We describe the case of a 26-year-old woman with a history of congenital ichthyosiform erythroderma (CIE) who initially presented with a stage IIA amelanotic melanoma on her forearm that was surgically excised. We also review the literature on CIE-associated skin cancers and discuss the possible contribution of ichthyosis to the risk of cutaneous malignancies. Our findings emphasize the importance of close lifelong skin cancer screening in individuals with CIE and highlight the unique malignancy risk of these individuals.

View details for DOI 10.1111/pde.13012

View details for PubMedID 27813222

Low-Dose Radiotherapy for Primary Cutaneous Anaplastic Large-Cell Lymphoma While on Low-Dose Methotrexate CUTIS Cornejo, C. M., Novoa, R. A., Krisch, R. E., Kim, E. J. 2016; 98 (4): 253-256

Abstract

Primary cutaneous anaplastic large-cell lymphoma (pcALCL) is part of a spectrum of CD30+ primary cutaneous lymphoproliferative disorders (pcLPDs) that also includes lymphomatoid papulosis (LyP). Localized radiotherapy at doses of 34 to 44 Gy is first-line treatment of pcALCL, but the use of low-dose radiotherapy for pcALCL has not been reported. We present the case of a patient with a history of pcALCL/LyP who was treated with low-dose radiotherapy while on oral low-dose methotrexate (MTX) once weekly. This report suggests that low-dose radiotherapy can be an effective palliative treatment of pcALCL. Low-dose radiotherapy may offer certain advantages over traditional radiotherapy, such as a more economical and efficient treatment for patients, potentially fewer short-term and long-term side effects, and the potential for concomitant use with low-dose MTX.

View details for Web of Science ID 000388917900015

View details for PubMedID 27874877

Epidermotropic metastasis of primary lung adenocarcinoma. Journal of cutaneous pathology Scott, G. D., Kwong, B. Y., Novoa, R. A. 2016; 43 (9): 798-801

Abstract

Cutaneous metastasis of lung cancer is a rare event and usually portends a grim prognosis. Several cases of lung cancer with cutaneous metastasis have been reported, but these have been largely limited to the dermis. Here we describe a unique case of cutaneous metastatic lung adenocarcinoma largely limited to the epidermis, mimicking Paget's disease or a cutaneous adnexal tumor.

View details for DOI 10.1111/cup.12741

View details for PubMedID 27234927

Carpet beetle dermatitis: a possibly under-recognized entity INTERNATIONAL JOURNAL OF DERMATOLOGY MacArthur, K. M., Richardson, V., Novoa, R. A., Stewart, C. L., Rosenbach, M. 2016; 55 (5): 577-579

View details for DOI 10.1111/ijd.12952

View details for Web of Science ID 000374003900035

View details for PubMedID 26475226

Immunohistochemical analysis of lichenoid reactions in patients treated with anti-PD-L1 and anti-PD-1 therapy. Journal of cutaneous pathology Schaberg, K. B., Novoa, R. A., Wakelee, H. A., Kim, J., Cheung, C., Srinivas, S., Kwong, B. Y. 2016; 43 (4): 339-346

Abstract

Recent advances in the immunotherapeutic treatment of cancer have led to the development of multiple new directed therapies including monoclonal antibodies that block the immune checkpoint T-cell receptor programmed death 1 (PD-1) and the PD-1 ligand, programmed death ligand 1 (PD-L1). Various immune-related toxicities have been associated with these drugs including, most commonly, skin rashes.Five cases of lichenoid dermatitis, including one case of lichenoid mucositis and one case of lichen sclerosus, associated with anti-PD-L1 and anti-PD1 therapy were compared with three biopsies of non-drug-related lichen planus (LP) and three lichen planus-like keratoses (LPLK) used as controls.Histopathologic and immunophenotypic analysis of these lichenoid lesions demonstrated significantly greater histiocytic infiltrates than observed in control lichenoid reactions (p = 0.0134). We also observed increased spongiosis and epidermal necrosis. No significant differences were seen in expression of CD3, CD4:CD8, CD20, PD-1, CD25, Foxp3, CXCL13 and PD-L1 expression.These findings expand the literature of immune-related toxicities of PD-L1 and PD-1 blockade to include lichenoid dermatitis and lichenoid mucositis. Of note, these cutaneous side effects were amenable to topical treatment, without the need for medication dose reduction or discontinuation.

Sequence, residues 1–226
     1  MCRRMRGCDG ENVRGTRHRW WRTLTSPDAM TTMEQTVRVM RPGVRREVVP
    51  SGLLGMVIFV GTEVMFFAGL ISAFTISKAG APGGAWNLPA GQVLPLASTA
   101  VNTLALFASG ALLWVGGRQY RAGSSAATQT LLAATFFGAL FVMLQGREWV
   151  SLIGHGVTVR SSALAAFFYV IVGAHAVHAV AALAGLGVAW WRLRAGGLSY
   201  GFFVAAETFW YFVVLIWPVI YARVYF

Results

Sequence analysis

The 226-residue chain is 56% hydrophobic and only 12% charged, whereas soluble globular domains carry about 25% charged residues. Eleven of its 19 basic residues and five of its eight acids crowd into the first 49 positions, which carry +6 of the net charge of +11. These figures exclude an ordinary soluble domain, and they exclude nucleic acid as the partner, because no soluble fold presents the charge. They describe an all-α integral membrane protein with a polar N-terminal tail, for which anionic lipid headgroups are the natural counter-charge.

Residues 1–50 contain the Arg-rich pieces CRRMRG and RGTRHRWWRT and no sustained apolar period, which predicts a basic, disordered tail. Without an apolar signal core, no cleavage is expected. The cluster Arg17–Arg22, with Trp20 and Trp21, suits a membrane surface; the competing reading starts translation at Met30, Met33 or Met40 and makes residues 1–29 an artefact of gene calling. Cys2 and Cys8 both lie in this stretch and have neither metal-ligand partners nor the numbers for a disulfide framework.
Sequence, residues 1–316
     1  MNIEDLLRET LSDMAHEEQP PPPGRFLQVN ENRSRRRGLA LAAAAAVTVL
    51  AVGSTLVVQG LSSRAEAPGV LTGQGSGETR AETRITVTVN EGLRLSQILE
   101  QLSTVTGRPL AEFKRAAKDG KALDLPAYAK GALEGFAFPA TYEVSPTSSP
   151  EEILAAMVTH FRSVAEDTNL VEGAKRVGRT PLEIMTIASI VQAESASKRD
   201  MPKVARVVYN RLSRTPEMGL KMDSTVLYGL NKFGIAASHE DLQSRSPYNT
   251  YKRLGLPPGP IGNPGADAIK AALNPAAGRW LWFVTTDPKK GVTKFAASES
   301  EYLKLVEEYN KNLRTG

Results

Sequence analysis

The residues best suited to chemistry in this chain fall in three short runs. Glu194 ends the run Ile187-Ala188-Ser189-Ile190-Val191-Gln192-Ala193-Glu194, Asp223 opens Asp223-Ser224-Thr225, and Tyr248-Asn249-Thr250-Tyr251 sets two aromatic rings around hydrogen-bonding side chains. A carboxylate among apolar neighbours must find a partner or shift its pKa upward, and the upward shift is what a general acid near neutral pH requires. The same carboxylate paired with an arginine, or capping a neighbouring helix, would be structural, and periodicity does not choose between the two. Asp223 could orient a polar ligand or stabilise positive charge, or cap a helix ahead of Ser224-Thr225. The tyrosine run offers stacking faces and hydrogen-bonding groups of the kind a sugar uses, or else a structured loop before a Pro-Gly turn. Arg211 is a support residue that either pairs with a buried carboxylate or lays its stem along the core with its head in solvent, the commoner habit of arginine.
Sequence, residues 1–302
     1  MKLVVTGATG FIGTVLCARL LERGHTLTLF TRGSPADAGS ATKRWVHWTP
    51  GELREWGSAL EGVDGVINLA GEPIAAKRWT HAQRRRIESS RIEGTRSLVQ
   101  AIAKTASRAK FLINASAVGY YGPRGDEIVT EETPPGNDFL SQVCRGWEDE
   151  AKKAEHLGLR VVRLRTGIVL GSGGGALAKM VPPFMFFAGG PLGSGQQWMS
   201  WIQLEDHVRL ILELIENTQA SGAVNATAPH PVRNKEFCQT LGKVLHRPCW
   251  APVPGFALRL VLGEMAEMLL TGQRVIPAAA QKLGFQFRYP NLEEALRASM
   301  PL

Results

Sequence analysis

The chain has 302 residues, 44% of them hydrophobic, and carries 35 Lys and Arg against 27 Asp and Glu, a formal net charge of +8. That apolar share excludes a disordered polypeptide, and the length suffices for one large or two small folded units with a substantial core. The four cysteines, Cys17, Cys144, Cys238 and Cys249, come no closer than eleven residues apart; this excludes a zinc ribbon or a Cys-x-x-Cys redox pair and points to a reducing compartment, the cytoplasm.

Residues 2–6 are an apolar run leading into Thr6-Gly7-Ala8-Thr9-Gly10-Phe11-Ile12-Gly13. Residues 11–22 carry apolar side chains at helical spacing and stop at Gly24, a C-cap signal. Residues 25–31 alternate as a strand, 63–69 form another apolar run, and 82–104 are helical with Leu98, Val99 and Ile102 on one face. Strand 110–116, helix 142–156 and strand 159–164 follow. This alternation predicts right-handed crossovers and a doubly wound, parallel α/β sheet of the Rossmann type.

View details for DOI 10.1111/cup.12666

View details for PubMedID 26762844

Fistulizing Epstein-Barr virus-positive plasmablastic lymphoma in an HIV-positive man BRITISH JOURNAL OF DERMATOLOGY Rangel, J., Novoa, R., Morrison, C., Frank, D., Kovarik, C. 2016; 174 (2): 398-401

Abstract

Plasmablastic lymphoma (PBL) is an unusual subtype of non-Hodgkin lymphoma recently classified as a diffuse immunoblastic lymphoma with a plasma-cell immunophenotype. Originally described in the oral cavity of HIV-positive patients, it has also been recognized to occur rarely at other sites. We describe a previously unreported fistulizing presentation of Epstein-Barr virus (EBV)-positive PBL, reviewing its association with HIV-1 infection and its importance as an AIDS-defining malignancy.

View details for DOI 10.1111/bjd.14089

View details for Web of Science ID 000370014600029

View details for PubMedID 26286218

Erythematous Plaques on the Buttock JAMA-JOURNAL OF THE AMERICAN MEDICAL ASSOCIATION Tan, C. Z., Novoa, R., Chen, J. K. 2016; 315 (1): 79-80

View details for DOI 10.1001/jama.2015.13562

View details for PubMedID 26746461

Recurrent Subepidermal Blistering Dermatosis Heralding Disease Relapse in IgA Kappa Multiple Myeloma: Report of a Case and a Review of the Literature. Clinical lymphoma, myeloma & leukemia Leatham, H. W., Novoa, R., Liedtke, M., Kwong, B. Y. 2016; 16 (1): e1-5

View details for DOI 10.1016/j.clml.2015.11.007

View details for PubMedID 26708980

Acquired port-wine stain with superimposed eczema following penetrating abdominal trauma. Cutis Langenhan, J., Novoa, R. A., Pappas-Taffer, L. 2015; 96 (6): 391-394